The relationship between childhood physical abuse and later violent criminal behavior and the role of corporal punishment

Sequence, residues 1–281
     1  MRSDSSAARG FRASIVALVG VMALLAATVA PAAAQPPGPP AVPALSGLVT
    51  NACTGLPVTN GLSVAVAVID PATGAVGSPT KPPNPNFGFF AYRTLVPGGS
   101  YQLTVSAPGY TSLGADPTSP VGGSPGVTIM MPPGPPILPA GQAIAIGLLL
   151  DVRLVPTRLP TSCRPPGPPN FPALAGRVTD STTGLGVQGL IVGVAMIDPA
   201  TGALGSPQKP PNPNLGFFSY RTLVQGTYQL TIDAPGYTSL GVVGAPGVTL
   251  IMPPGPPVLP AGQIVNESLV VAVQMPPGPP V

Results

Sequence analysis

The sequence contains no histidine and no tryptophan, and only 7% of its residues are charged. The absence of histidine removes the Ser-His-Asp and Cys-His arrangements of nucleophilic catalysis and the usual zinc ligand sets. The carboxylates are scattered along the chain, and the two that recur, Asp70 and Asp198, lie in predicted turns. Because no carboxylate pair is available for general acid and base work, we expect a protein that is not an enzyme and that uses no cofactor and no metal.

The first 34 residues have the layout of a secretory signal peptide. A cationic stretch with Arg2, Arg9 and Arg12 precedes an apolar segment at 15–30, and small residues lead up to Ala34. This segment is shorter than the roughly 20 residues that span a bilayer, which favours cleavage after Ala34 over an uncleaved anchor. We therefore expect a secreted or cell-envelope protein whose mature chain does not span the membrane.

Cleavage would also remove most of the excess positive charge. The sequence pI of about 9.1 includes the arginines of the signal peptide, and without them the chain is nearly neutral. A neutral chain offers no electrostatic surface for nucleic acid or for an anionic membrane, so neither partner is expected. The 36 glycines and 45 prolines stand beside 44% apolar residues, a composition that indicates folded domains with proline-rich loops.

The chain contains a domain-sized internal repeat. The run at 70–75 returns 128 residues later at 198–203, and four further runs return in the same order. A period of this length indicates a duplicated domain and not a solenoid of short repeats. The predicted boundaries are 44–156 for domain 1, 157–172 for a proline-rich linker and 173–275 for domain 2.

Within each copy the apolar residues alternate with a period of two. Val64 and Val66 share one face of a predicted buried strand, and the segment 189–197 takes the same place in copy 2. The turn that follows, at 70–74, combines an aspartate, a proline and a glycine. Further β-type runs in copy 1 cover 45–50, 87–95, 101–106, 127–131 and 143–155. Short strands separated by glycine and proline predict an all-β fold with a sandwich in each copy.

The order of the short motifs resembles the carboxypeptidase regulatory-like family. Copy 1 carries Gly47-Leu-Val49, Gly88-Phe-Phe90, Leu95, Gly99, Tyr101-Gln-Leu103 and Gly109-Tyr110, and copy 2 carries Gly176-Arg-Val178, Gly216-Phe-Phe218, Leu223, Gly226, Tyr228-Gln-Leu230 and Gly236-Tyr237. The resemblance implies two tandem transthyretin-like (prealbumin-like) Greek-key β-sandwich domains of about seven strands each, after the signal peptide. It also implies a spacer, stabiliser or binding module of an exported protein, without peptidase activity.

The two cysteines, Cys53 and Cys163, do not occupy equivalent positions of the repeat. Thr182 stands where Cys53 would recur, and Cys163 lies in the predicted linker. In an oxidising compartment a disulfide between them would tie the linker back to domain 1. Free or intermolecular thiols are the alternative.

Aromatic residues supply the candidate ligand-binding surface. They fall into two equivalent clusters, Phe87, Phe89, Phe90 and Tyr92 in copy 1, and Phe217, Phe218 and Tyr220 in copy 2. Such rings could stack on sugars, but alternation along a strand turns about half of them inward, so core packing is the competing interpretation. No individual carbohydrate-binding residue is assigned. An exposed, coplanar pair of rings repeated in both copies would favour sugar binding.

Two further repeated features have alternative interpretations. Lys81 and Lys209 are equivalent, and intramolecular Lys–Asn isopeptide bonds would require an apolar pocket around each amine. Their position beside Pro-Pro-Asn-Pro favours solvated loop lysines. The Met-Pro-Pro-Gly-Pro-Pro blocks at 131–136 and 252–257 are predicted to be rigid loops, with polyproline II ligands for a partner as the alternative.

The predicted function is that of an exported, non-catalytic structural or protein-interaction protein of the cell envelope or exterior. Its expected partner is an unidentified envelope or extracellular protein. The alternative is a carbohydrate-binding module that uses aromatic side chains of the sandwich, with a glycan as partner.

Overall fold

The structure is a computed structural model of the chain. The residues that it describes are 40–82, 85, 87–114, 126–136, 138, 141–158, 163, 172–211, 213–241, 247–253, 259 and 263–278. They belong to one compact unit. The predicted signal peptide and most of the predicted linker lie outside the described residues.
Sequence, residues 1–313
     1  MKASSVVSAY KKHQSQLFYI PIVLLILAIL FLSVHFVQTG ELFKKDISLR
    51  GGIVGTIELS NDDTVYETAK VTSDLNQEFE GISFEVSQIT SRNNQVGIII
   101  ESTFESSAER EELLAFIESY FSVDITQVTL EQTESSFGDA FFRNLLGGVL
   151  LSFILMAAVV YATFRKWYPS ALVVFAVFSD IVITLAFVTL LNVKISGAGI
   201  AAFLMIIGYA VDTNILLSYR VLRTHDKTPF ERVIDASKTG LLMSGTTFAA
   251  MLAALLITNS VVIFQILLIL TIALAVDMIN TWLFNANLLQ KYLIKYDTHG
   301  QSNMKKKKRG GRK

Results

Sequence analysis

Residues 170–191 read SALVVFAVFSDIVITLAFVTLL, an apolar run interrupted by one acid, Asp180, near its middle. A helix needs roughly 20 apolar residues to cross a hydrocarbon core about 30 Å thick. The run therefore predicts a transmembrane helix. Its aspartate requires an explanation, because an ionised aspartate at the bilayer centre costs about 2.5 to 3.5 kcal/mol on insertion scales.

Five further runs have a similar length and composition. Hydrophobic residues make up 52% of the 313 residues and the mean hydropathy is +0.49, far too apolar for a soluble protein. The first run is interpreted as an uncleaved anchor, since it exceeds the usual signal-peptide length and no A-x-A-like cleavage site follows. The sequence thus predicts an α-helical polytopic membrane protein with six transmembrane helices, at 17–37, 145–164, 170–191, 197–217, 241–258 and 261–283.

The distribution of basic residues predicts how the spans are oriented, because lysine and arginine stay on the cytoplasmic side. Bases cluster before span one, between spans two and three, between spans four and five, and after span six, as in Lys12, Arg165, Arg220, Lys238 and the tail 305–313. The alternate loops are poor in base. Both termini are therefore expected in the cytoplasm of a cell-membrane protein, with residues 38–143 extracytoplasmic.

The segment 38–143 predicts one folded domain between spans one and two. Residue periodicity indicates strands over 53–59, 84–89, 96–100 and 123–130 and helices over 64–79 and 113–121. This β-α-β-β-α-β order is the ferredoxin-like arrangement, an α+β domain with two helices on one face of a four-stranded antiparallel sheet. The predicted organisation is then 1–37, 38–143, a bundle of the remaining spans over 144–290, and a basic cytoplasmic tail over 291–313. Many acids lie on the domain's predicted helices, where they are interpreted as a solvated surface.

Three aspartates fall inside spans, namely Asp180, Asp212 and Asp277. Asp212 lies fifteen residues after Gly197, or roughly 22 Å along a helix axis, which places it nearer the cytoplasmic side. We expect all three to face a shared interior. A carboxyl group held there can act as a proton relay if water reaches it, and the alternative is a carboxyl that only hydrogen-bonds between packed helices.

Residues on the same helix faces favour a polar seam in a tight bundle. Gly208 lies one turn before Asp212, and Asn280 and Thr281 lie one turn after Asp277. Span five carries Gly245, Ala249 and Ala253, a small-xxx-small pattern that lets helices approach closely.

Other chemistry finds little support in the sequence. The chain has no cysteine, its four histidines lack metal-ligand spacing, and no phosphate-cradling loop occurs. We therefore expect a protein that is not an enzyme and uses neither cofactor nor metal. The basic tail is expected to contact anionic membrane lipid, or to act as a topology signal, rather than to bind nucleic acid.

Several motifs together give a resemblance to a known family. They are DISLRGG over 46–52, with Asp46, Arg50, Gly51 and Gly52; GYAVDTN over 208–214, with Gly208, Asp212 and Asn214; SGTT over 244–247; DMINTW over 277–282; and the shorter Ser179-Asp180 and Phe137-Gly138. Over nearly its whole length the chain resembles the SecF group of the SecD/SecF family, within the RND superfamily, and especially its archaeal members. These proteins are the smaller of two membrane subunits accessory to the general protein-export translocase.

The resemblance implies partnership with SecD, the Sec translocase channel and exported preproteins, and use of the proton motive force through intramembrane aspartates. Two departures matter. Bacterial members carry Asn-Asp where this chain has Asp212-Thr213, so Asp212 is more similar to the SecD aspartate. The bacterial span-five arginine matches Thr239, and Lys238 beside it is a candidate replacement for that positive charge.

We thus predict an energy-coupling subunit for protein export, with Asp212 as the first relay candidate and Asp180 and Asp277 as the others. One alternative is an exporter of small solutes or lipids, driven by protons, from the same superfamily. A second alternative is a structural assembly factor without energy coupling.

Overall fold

Many studies have been carried out to establish the relationship between childhood victimization and delinquency, violent criminal behavior in later life and adult criminality. Though corporal punishment is the root origin of physical abuse, it has been a familiar practice in many societies both as a means of child nurturing and a punishment in the dispensation of justice in legal systems. Many societies no longer recognize corporal punishment as a pertinent component of their justice systems. Hence, just the same way the use of force is usually categorized as assault (in the case of adults), corporal punishment of children is classified under the same category thus outlawed in many places. Nevertheless, behavioral consequences of childhood victimization are not uniform to all children who are subjected to physical abuse. Despite that, studies concur that there are difficulties that are likely to arise during adolescence and whose main root cause is earlier physical abuse during childhood. Some or most of the difficulties are likely to have a close association with criminal activities or behaviors that are violent. Research inquiries have indicated that victimized children are 25% more prone to experience evils such as delinquency, pregnancy at teenage, low achievement in academics, drug use among other problems like mental health problems. Sexual risk-taking is also identified as one area the adolescent is likely to explore as a consequence of childhood victimization.